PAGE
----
Traffic restrictions during the 2008 Olympic Games reduced urban heat intensity and extent in Beijing

Published in Earth & Environment
Traffic restrictions during the 2008 Olympic Games reduced urban heat intensity and extent in Beijing

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Numerous studies have attributed recorded warming to the combined effect of greenhouse gases and other anthropogenic influences. According to statistics from EPA, the largest share of greenhouse gas emissions is transportation, followed by electricity production, industry, commercial and residential, agriculture, and land use [1]. But it has been difficult to separate these influences because they work interactively to increase the daily mean surface temperature. 

During Beijing 2008 Olympic games, Beijing municipal government implemented a large-scale short-term traffic restriction policy to alleviate the traffic congestion problem. During the Olympic Games from July 20 to September 20, 2008, vehicles with even and odd license plate numbers were alternately allowed on road. Only the vehicles with even plate numbers can be allowed on the road on one day, and the vehicles with odd plate numbers on the following day [2]. This traffic restriction provided an extraordinary opportunity to observe and examine the impact of traffic volume variation on the urban thermal environment.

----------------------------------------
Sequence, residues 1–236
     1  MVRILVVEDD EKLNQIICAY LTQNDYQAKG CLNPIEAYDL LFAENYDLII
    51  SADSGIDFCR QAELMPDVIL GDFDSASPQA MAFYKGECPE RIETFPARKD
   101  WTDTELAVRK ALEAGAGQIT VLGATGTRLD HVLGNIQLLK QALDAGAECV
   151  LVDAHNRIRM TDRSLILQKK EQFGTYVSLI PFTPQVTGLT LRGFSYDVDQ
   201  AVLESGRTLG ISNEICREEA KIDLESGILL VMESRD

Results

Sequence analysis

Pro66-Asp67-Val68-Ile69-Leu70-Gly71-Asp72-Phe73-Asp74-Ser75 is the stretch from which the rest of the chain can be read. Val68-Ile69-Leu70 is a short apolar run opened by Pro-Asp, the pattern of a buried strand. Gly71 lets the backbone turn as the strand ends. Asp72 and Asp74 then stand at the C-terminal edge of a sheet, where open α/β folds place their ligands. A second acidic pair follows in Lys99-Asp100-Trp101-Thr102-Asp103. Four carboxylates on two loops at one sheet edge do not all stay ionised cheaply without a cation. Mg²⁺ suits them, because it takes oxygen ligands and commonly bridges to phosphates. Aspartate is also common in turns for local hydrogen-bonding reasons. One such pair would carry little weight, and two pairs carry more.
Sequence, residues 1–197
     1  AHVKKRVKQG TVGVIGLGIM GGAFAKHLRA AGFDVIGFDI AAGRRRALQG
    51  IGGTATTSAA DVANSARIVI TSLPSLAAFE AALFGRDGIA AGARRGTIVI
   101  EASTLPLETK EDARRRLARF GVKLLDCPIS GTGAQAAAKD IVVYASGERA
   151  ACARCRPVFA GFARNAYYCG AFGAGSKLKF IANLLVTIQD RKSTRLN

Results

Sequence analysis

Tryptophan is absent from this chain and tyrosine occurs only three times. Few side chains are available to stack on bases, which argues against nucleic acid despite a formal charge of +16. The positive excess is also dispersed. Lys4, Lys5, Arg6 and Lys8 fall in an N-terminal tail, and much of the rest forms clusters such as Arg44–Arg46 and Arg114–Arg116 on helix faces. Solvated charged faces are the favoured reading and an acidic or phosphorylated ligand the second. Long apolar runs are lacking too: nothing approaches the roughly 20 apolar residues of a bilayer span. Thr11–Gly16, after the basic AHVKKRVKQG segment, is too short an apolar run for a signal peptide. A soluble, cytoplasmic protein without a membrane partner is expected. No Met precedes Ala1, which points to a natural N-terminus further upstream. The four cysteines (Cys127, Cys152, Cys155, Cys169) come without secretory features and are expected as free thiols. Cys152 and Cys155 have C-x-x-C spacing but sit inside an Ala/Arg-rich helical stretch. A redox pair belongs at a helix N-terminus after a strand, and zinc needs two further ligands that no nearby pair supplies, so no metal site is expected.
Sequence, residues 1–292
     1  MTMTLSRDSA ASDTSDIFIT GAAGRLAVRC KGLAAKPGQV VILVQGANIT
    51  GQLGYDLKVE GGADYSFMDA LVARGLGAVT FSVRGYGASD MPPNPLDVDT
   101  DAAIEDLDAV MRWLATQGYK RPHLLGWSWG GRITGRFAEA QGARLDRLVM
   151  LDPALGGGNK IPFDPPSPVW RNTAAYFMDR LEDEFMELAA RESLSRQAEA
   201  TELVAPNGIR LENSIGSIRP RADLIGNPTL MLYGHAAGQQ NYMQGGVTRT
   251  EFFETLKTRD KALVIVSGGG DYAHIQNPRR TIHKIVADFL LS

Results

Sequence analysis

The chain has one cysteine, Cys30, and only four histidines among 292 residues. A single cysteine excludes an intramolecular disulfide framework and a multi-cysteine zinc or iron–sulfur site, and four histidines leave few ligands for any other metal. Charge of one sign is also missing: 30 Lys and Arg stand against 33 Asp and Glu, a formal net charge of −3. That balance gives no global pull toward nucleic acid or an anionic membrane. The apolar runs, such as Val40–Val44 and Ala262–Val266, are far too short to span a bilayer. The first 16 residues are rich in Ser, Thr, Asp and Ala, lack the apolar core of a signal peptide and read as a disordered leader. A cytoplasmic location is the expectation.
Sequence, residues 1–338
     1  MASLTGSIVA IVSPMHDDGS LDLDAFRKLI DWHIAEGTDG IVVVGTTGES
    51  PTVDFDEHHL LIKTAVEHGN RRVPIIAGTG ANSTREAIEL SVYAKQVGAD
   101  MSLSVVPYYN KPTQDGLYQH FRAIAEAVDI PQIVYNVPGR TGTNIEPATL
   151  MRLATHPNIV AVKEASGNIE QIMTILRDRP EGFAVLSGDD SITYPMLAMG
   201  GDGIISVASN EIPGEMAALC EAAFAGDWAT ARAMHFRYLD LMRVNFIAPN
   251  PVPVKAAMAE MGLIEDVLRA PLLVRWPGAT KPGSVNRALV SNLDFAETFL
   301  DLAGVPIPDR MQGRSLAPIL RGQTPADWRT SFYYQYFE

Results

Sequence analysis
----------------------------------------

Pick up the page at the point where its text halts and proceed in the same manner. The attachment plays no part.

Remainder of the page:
We derived daytime and nighttime remotely sensed MODIS land surface temperature data during 2008 Olympics with Odd-and-Even Traffic restrictions, and construct the multi-variate statistical model with traffic volume variation as a dummy variable to isolate the impacts. Urban heat budget was estimated considering the net radiation, albedo, wind speed, etc over urban zones in Beijing.

Our analyses show that cutting off about half of the traffic volume has led to a marked decrease in the mean surface temperature by 1.5°C – 2.4°C and a shrinkage of the heat extent by 820 km2 in Beijing. Previous studies suggest that the whole anthropogenic heat from buildings and vehicles may contribute 2-3 °C temperature increase, thus negligible in commercial and residential areas. In comparison, the heat effect of the mobile anthropogenic source alone estimated from our study based on actual meteorological and thermal remote sensing data is significantly larger than the combined anthropogenic sources reported in the previous simulated studies [3].

This research represents the first effort in the quantitative assessment of the contribution of traffic flow volume in shaping and regulating the urban thermal environment. Results suggest that the impact of urban traffic on heat intensity is significantly larger than previously thought, and the management of urban traffic and vehicle fossil fuel use should be included in the future urban heat mitigation plan.

[1] US EPA, O. Inventory of U.S. Greenhouse Gas Emissions and Sinks (US EPA, 2018).

[2] Li, R. & Guo, M. Effects of odd–even traffic restriction on travel speed and traffic volume: evidence from Beijing Olympic games.

[3] Taha, H., Akbari, H., Sailor, D. & Ritschard, R. Causes and effects of heat islands: sensitivity to surface parameters and anthropogenic heating. Lawrence Berkeley Lab. Rep. 29864 (1992).

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